JACK SPADE S/S 2015 New York Fashion Week

Jack Spade was built on the basis of creating appealing looks with an utilitarian feel; but, continuously delivering functional items that are both useful and stylish can be a not-so-easy task to compel. For design director Todd Magill, experimenting with new fabrics is a big part of his success. 
Jack Spade’s spring/summer collection started on the streets, watching men mix their sports gear with their work clothes. The collection entitled “urban utility” is the combination of sports' fabrics with traditional menswear, deeming it into a modern, forward direction. While the utilisation of nylon and fleece may appear to be a rather literal take on sportswear, it's the way Magill manipulates the fabric towards a versatile and functional feel that truly evokes the Jack Spade identity. The convergence of the fabrics eases the concern of wrinkling, damaging, drenching, folding and packing without affecting the overall design, pushing the subject of utilitarianism much further in terms of practicality and usefulness.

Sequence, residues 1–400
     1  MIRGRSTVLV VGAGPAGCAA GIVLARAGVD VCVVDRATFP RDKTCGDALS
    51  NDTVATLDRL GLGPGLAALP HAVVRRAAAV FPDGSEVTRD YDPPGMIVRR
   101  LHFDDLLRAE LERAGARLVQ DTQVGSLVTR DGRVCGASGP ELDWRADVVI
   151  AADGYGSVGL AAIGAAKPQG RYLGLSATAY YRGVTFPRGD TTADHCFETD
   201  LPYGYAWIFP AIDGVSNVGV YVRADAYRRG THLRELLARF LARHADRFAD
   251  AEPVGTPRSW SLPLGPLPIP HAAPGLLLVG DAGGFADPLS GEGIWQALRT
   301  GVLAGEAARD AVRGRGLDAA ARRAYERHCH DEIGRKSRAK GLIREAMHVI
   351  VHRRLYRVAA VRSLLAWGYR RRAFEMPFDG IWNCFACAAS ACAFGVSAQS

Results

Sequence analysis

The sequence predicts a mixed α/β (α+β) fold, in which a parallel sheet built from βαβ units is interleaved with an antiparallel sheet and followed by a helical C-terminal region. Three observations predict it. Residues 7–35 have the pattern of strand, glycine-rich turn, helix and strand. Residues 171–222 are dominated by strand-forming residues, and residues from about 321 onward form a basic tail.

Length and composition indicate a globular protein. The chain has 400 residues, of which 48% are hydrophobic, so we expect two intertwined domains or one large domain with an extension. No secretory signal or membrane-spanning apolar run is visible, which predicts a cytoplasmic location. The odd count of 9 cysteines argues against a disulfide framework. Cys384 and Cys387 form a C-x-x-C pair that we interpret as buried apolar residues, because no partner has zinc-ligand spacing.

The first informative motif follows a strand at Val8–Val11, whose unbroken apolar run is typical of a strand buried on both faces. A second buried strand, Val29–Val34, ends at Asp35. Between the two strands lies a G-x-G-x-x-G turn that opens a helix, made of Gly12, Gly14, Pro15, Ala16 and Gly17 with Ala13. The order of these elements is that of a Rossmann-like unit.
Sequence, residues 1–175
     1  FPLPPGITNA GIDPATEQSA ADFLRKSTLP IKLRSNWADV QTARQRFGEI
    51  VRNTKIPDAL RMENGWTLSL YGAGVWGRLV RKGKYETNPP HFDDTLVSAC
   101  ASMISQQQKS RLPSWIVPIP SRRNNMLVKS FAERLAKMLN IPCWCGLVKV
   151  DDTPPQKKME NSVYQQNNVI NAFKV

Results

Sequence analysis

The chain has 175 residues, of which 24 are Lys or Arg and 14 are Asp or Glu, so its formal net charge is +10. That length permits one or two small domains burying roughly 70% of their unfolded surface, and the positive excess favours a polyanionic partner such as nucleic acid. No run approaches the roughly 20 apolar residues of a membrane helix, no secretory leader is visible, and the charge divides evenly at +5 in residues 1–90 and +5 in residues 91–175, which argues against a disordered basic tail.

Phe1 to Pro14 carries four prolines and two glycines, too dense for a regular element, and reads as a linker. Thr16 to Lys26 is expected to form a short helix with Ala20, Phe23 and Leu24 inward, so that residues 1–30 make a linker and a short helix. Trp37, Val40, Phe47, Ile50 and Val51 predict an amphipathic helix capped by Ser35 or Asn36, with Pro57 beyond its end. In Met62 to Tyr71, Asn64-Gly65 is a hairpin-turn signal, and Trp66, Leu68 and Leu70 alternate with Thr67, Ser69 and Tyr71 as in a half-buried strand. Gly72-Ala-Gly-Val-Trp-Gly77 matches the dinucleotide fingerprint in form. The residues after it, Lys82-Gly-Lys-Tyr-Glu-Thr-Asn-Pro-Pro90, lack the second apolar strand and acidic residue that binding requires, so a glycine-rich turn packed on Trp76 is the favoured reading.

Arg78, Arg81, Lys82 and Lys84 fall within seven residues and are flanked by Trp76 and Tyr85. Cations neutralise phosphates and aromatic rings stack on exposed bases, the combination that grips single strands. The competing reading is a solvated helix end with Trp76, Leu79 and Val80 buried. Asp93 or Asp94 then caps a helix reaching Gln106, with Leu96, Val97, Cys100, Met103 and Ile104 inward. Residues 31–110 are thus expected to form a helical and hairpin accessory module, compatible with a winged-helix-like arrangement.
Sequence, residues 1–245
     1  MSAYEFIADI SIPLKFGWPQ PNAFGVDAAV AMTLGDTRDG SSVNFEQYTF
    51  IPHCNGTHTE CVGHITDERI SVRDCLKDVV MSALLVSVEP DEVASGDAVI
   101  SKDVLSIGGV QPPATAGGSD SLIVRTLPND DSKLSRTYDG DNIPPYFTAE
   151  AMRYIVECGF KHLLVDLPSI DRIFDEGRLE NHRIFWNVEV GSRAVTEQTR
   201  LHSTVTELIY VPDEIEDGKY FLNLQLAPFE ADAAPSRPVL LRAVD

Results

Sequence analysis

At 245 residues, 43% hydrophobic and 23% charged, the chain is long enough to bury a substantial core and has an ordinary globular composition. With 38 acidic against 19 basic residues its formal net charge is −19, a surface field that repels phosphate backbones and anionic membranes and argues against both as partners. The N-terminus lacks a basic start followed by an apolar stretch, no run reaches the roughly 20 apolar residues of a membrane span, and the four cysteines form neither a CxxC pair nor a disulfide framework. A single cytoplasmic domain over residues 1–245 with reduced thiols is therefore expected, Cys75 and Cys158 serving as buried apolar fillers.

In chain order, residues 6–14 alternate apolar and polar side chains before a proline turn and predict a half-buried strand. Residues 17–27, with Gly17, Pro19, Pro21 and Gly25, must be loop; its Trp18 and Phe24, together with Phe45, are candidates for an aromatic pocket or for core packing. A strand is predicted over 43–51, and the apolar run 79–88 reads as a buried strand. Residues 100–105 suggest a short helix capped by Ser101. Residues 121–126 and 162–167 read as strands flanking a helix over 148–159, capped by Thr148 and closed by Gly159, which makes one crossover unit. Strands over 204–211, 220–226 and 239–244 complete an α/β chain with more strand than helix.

While searching for the collection's print of résistance, Todd Magill gazed over the trend of flowers but turned it over with a masculine approach of a camo in olive, forrest green and camel foliage. Yet the brilliantness of the print does not lie in the clever and harmonious use of two different aesthetics -the utterly masculine found in camouflage and the femininity found in flowers- but in the transitional tones utilised -inspired by artist Josef Albers- that make it combinable and matchable with virtually any item.

With bags being a very strong point for the brand, it only makes sense they have the same inputed effort as any ready-to-wear item. Introducing waxed-leather pieces and what the brand is calling ‘commuter nylon’, the spring 2015 bags were made to endure and perdure. Holding boxy and modern silhouettes that were designed to keep their form, Magill mentions that “all the function happens inside”.
Jack Spade was built on the basis of creating appealing looks with an utilitarian feel; and that’s exactly what they do, bravo.

Review & Photos by  Alex Margary
Retouched images by J.C. Parra